The Serious Fraud Office is looking into claims of corruption in the bidding process for the 2018 and 2022 World Cups and is seeking to gather evidence for a possible criminal case.
Conservative MP Damian Collins has been pushing for an investigation amid persistent allegations of corruption and bribery relating to the decision to award the tournaments to Russia and Qatar respectively.
The SFO has written to Mr Collins to state that "...every reasonable line of inquiry, including working closely with appropriate overseas authorities, is being pursued to ascertain whether the director has grounds to open an investigation".
FIFA recently called in the Swiss authorities to consider whether criminal proceedings should be instigated against individuals involved in the bid process.
Earlier this month, the release of Judge Hans-Joachim Eckert's summary of Michael Garcia's report into the matter descended into confusion as Garcia distanced himself from its conclusions. FIFA has so far resisted repeated calls for the report to be published in full.
"We know that FIFA have turned over their own internal investigation to the Swiss authorities and the FBI are already investigating: I think there are grounds for the SFO to follow suit," Mr Collins told Sky Sports News HQ.
"I want the force of international law to come down on FIFA. They seem to regard all these issues as private matters for them but serious allegations of bribery and corruption are rightly matters for law-enforcement agencies."
I want the force of international law to come down on FIFA. They seem to regard all these issues as private matters for them.
The SFO had previously indicated that any alleged wrongdoing would not fall within its jurisdiction, but Mr Collins said the latest developments in the fast-moving story had changed things.
"Last week we saw significant movement even by FIFA," he said.
"We know from the summary report they published that the Garcia report contains evidence from UK nationals and we know that UK nationals worked on the bid teams of other countries and we also know from FIFA's own words that the report and its documents contain what they regard as evidence of unlawful activities.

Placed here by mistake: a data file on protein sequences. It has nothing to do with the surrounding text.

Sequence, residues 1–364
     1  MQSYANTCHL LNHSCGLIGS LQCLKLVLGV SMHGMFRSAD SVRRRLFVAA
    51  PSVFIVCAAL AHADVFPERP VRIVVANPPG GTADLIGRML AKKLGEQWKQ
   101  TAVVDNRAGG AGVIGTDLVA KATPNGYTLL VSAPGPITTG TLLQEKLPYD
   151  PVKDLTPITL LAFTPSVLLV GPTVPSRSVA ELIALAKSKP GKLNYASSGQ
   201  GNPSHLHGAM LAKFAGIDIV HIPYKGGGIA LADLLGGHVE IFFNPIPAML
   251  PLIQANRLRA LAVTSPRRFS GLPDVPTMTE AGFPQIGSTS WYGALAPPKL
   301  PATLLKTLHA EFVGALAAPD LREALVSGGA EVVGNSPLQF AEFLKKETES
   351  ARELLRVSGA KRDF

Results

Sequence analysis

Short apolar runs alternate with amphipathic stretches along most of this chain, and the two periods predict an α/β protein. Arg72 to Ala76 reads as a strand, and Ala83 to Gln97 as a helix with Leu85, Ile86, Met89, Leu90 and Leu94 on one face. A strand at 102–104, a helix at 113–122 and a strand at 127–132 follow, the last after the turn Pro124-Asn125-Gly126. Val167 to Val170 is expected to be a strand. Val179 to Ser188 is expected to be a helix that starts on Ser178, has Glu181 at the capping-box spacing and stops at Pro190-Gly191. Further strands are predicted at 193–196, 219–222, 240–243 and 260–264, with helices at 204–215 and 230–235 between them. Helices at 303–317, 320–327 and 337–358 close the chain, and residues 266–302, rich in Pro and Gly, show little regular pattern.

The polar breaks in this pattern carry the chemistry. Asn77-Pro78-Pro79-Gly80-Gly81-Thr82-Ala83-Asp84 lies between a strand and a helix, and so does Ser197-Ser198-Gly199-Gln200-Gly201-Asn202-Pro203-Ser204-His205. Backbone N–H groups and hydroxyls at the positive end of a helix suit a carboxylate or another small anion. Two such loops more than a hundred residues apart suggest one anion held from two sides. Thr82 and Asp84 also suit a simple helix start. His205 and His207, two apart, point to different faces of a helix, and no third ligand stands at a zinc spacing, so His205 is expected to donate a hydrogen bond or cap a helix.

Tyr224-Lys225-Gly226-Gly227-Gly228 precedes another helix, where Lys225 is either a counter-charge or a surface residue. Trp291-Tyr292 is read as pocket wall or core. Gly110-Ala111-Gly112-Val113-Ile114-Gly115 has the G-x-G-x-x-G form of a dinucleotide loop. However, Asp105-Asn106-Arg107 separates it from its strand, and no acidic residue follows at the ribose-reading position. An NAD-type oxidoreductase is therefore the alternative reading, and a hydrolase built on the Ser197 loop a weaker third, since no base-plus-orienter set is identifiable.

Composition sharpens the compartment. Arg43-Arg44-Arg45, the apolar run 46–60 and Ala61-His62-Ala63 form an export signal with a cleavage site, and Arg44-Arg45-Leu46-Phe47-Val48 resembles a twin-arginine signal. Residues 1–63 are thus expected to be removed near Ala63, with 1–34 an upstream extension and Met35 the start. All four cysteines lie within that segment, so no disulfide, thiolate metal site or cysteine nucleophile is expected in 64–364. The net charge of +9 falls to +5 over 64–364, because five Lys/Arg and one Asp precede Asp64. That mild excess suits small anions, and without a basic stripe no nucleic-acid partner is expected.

"So there are very real grounds for the SFO to believe they should investigate this and there could be grounds for their own criminal investigation. Clearly by following this up with other agencies they're looking to establish what sort of investigation they could launch."
Mr Collins said he believed the football fraternity had lost faith in FIFA's attempts to keep the investigations in-house.
I don't believe Sepp Blatter will ever willingly give up this information that he's protecting.
"I think the reaction to events of the last couple of weeks has been that people have been horrified by the way FIFA have sought to deal with these serious allegations," he said.
"They give the impression of wanting to hide them away. It's external action that will lead to change.
"I don't believe Sepp Blatter will ever willingly give up this information that he's protecting. But the FBI and the SFO and so on have the force of international law to go after it and I hope that they do that.
"They've failed time and time again to take these allegations seriously, to get to the bottom of the wide-ranging allegations that have dogged the bidding process. They've failed every time and I'm afraid that under the current leadership they will fail again.
"It requires new leaders in FIFA or maybe the chance to completely restructure and reform the organisation. It will be that level of reform that will be required to put FIFA on a proper footing and make it into a body that can run the world game in a way that fans can respect."